Investigation of the feasiblity of employing a radial turbine for a utility-scale supercritical CO₂ power cycle.

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dc.contributor.advisor Oakey, John
dc.contributor.advisor Teixeira, Joao Amaral
dc.contributor.author El Samad, Tala
dc.date.accessioned 2023-05-03T13:18:28Z
dc.date.available 2023-05-03T13:18:28Z
dc.date.issued 2020-04
dc.identifier.uri https://dspace.lib.cranfield.ac.uk/handle/1826/19580
dc.description.abstract With the current growth rate of world population, comes a high demand on electric energy generation. Technological advancements in metallurgy, fuel conversion, heat transfer, and turbomachinery design allow the continuous dominating rule of fossil fuel energy resources and the expansion of non-renewable based power cycles. The challenges arising due to greenhouse gas emissions from fossil fuel combustion necessitate regulated policies to limit CO₂ emissions in particular. Design considerations and issues in power plants revolve around increasing efficiencies, reducing noise pollution and land footprint, while mitigating emissions. An example of advanced power configurations include the supercritical CO₂ cycle that has gained much interest in recent years due to its compact-size turbomachinery, increased efficiencies compared to other conventional steam or gas cycles, and its ability to be coupled with a wide range of heat sources. Another avant-garde technology is an oxy-combustion cycle that proves more favourable than the other carbon capture and storage routes of gasification and absorption. A proposed NET Power (Allam) cycle, which combines both technologies of using supercritical CO₂ conditions in an oxy-combustion gas-fired power plant, seems promising with claims of cycle efficiencies reaching 55%. However, the Allam cycle is still in a pre-mature phase due to the barriers that inhibit its full-scale development; challenges include the design of a high-pressure, high-temperature turbine which dictates cooling requirements, material considerations, and number of stages to name a few. A radial turbine, which generally has a simpler construction and fewer stages when compared to an axial turbine, is suggested as a superior candidate configuration for cycles of high fluid density. A thermodynamic analysis of a mid-range cycle similar to that proposed by NET Power is established while lowering the turbine inlet temperature to 900 C in order to remove cooling complications within the radial turbine passages. The cycle conditions are then considered for the design of a 100 MWth power scale turbine by using preliminary and higher fidelity methods. Two radial turbine designs are illustrated; the first, whilst not satisfying the cycle operating conditions, is used to showcase the detailed 1D design as well as the 2D and 3D analyses procedures followed during this work. A second 510 mm diameter turbine, running at 21,409 rpm, capable of operating within a 5% range of the required cycle conditions, is designed and presented. Results from computational fluid dynamics simulations indicate the loss mechanisms responsible for the low-end value of the turbine total-to-total efficiency which is 69.87%. Mechanical stress calculations show that the aerodynamic flow path of the rotor blades experience tolerable stress values, however a more detailed disc design is required to meet actual material constraints. en_UK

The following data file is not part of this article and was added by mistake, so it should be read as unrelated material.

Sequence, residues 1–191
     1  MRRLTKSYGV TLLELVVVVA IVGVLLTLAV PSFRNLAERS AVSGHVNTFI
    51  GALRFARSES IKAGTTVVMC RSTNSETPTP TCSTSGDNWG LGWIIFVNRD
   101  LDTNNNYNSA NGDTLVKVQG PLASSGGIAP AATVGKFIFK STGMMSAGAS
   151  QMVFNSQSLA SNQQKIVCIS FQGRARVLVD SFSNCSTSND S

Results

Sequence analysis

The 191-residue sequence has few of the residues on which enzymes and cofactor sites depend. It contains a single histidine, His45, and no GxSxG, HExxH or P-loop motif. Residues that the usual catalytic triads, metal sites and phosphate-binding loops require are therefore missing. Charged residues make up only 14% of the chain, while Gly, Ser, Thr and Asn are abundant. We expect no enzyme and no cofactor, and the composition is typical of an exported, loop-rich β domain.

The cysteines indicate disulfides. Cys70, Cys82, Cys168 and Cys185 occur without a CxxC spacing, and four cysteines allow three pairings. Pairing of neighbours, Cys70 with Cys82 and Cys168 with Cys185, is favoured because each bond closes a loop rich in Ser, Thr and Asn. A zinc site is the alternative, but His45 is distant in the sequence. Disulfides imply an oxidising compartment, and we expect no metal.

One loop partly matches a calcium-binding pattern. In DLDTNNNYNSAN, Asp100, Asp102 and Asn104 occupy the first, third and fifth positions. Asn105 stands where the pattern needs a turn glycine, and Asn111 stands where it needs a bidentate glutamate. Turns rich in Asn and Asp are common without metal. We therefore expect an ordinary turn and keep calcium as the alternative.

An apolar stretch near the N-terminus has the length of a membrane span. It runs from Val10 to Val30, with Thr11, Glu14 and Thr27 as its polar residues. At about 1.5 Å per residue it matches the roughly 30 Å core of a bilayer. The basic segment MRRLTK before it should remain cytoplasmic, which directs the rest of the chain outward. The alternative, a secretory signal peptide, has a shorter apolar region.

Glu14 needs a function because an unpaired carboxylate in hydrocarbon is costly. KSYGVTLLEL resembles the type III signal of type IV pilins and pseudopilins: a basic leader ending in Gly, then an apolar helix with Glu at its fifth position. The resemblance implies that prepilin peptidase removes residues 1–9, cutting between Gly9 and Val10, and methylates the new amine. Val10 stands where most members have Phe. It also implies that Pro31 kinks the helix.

dc.language.iso en en_UK
dc.rights © Cranfield University, 2015. All rights reserved. No part of this publication may be reproduced without the written permission of the copyright holder.
dc.subject Thermodynamic analysis en_UK
dc.subject mid-range cycle en_UK
dc.subject radial turbine en_UK
dc.subject computational fluid dynamics en_UK
dc.subject simulations en_UK
dc.subject mechanical stress en_UK
dc.title Investigation of the feasiblity of employing a radial turbine for a utility-scale supercritical CO₂ power cycle. en_UK
dc.type Thesis en_UK
dc.description.coursename PhD in Energy and Power en_UK


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